To understand this discrepancy, let us review today’s Scripture verses. The first is Zechariah 9:9 (ESV), which gives a prediction of the arrival of Jesus to Jerusalem:

        The Coming King of Zion

BLCF: king arrives on a donkey

Rejoice greatly, O daughter of Zion!     

Shout aloud, O daughter of Jerusalem!

Behold, your king is coming to you;     

righteous and having salvation is he,

humble and mounted on a donkey,     

on a colt, the foal of a donkey.

This single verse gives us a description of the arrival of a righteous king who brings salvation. The king will arrive riding upon a donkey. The prophecy of Jesus’ arrival that is described in Zechariah 9:9, is “fleshed out” in the account of the event stated in John 12:12-19 (ESV):

The Triumphal Entry

BLCF: Hosanna_hosanna_hosanna_in_the_highest

12 The next day the large crowd that had come to the feast heard that Jesus was coming to Jerusalem. 13 So they took branches of palm trees and went out to meet him, crying out, “Hosanna! Blessed is he who comes in the name of the Lord, even the King of Israel!” 14 And Jesus found a young donkey and sat on it, just as it is written,

15 “Fear not, daughter of Zion;

behold, your king is coming,     

sitting on a donkey’s colt!”

16 His disciples did not understand these things at first, but when Jesus was glorified, then they remembered that these things had been written about him and had been done to him. 17 The crowd that had been with him when he called Lazarus out of the tomb and raised him from the dead continued to bear witness. 18 The reason why the crowd went to meet him was that they heard he had done this sign. 19 So the Pharisees said to one another, “You see that you are gaining nothing. Look, the world has gone after him.”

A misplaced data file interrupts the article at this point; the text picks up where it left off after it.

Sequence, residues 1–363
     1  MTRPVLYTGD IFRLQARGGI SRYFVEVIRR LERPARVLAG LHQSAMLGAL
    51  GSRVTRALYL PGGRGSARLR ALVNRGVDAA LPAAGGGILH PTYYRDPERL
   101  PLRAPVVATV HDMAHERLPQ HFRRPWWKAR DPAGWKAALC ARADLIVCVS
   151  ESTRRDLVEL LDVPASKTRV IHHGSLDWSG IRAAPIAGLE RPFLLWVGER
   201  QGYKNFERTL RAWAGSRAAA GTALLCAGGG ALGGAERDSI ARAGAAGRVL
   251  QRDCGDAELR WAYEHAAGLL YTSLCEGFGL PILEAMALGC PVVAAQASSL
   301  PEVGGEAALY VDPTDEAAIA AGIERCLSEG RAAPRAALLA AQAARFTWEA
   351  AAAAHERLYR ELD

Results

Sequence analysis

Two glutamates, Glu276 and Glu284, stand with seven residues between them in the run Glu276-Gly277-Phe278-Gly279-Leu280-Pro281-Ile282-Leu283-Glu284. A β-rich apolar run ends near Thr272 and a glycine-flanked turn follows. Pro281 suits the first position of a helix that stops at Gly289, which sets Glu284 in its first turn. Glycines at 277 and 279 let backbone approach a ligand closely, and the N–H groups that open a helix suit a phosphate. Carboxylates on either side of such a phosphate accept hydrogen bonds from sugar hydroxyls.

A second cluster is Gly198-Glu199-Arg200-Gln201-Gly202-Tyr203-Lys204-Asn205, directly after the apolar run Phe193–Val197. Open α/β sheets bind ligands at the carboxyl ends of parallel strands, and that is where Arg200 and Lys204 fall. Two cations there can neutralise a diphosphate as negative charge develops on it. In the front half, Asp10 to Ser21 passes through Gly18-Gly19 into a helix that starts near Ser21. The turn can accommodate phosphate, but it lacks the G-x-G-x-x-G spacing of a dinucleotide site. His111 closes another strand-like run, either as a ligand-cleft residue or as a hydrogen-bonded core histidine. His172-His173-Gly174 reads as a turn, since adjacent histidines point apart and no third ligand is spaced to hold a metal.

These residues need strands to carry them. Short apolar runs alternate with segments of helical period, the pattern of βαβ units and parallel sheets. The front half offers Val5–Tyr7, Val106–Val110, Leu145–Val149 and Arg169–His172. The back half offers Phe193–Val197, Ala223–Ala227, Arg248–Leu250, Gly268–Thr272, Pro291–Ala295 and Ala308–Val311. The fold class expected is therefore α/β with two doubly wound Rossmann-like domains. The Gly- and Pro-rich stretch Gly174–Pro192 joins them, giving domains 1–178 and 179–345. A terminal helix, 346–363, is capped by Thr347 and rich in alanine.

The crowds called out: “Hosanna! Blessed is he who comes in the name of the Lord, even the King of Israel!” Other accounts in the Scripture record that the crowds placed palm fronds in front of the donkey that Christ rode to Jerusalem, hence the reason we call today Palm Sunday.

But what did the crowd mean when they shouted “Hosanna” to the Lord? For a better understanding, let us look at our Wikibits for the term “hosanna”:

Wikipedia Definition: hosanna

BLCF: hosanna-psalm-sunday_

The word hosanna (Latin osanna, Greek ὡσαννά, hōsanná) is from Hebrew הושיעה־נא, הושיעה נא hôshia-nā’ which is short for hôšî‘â-nā’ from Aramaic הושע נא meaning “save, rescue, savior”.[1]

In the Hebrew Bible it is used only in verses such as “help” or “save, I pray” (Psalms 118:25).

It is applied in numerous verses of the New Testament including “Hosanna; blessed is the one who comes in the name of the Lord” (Mark 11.9), “hosanna in the highest” (Mark 11.10); “hosanna to the Son of David” (Matt 21:9). The old interpretation “Save, now!”,[2] based on Psalm 118:25, does not fully explain the occurrence of the word in the Gospels as a shout of jubilation, and this has given rise to complex discussions.[3]